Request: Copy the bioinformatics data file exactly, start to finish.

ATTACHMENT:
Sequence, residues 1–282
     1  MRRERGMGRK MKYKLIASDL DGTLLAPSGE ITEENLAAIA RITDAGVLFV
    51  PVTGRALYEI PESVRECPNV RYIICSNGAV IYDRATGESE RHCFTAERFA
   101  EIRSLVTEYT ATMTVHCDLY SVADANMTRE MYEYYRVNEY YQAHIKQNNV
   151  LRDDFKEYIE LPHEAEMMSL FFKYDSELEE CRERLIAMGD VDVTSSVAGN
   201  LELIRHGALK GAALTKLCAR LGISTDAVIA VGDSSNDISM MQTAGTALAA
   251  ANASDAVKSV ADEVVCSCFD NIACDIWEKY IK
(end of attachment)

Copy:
Sequence, residues 1–282
     1  MRRERGMGRK MKYKLIASDL DGTLLAPSGE ITEENLAAIA RITDAGVLFV
    51  PVTGRALYEI PESVRECPNV RYIICSNGAV IYDRATGESE RHCFTAERFA
   101  EIRSLVTEYT ATMTVHCDLY SVADANMTRE MYEYYRVNEY YQAHIKQNNV
   151  LRDDFKEYIE LPHEAEMMSL FFKYDSELEE CRERLIAMGD VDVTSSVAGN
   201  LELIRHGALK GAALTKLCAR LGISTDAVIA VGDSSNDISM MQTAGTALAA
   251  ANASDAVKSV ADEVVCSCFD NIACDIWEKY IK